Interest in CDMA EV-DO Rev. B heating up

Interest in CDMA EV-DO Rev. B heating up
Just when it looked like CDMA 1xEV-DO Rev. B was going to be dead in the water, it appears the technology is gaining some momentum, thanks to the threat of WiMAX, say CDMA vendors.

Rev. B is not so much a new technology as an added feature to existing Rev. A platforms, which have been deployed by Sprint and Verizon. It takes multiple 1.25-megahertz channels into one super channel, allowing users to share the compounded capacity of the combined spectrum. Vendors expect that a 5-megahertz Rev. B channel will support average downstream rates of 9.3 mbps, representing an improvement over Rev. A by three times.

Rev. B certainly hasn't received quite the warm reception that EV-DO Rev. A technology received when first announced. CDMA operators have questioned whether there are applications that would demand the extremely high data rates of Rev. B beyond those in niche markets. It was thought that EV-DO Rev. A would ride CDMA operators through until they needed to make the jump to OFDMA-based networks.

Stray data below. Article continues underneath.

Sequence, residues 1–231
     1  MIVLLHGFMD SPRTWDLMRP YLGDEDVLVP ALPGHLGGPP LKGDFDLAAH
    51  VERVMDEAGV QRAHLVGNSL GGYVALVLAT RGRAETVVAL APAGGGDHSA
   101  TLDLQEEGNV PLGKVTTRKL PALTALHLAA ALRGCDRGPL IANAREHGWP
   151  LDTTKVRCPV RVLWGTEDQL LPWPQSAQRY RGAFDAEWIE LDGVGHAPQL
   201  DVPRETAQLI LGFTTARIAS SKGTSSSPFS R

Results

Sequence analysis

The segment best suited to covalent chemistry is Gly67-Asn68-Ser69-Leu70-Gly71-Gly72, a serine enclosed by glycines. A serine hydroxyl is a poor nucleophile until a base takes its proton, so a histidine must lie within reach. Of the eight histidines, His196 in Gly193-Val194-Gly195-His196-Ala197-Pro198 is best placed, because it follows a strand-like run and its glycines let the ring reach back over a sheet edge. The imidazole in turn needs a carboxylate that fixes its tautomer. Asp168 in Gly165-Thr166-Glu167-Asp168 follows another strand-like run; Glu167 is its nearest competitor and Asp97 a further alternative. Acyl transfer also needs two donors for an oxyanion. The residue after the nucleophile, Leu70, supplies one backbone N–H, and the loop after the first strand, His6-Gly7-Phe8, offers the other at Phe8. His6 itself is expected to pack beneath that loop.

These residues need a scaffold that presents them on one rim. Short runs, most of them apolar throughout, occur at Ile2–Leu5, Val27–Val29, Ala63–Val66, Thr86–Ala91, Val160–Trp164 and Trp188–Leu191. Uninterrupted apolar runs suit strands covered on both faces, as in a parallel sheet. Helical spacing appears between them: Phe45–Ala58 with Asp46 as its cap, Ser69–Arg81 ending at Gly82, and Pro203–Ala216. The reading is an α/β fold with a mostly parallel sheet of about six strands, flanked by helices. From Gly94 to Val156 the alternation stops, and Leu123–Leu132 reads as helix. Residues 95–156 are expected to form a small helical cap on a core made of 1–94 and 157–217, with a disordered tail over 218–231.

When Qualcomm introduced its first EV-DO Rev. B chipset in March, people wondered why. Now Perry LaForge, executive director of the CDMA Development Group, says he is surprised about the level of interest surrounding Rev. B.

The interest now has to do with timing, say CDMA advocates. "Operators are now looking at it as an alternative to WiMAX. They're looking to stay competitive with WiMAX in the first iterations," said Daniel Locklear, director of mobility access product marketing with Nortel Networks.

One advantage of Rev. B is the fact that existing Rev. 0 and Rev. A handsets can benefit from the capacity advantages, said Dave Nowicki, vice president of marketing and product management with Airvana, which recently announced that it successfully complete a Rev. B call in its development lab. Airvana will commence Rev. B trials this quarter.

I'll be interested to see who commits to Rev. B. I remember when CDMA operators were leery in 2000 of dedicating an entire 1.25-megahertz channel to EV-DO Rev. 0, wondering if there would be enough demand for high-speed data services. It seems that history may be repeating itself.--Lynnette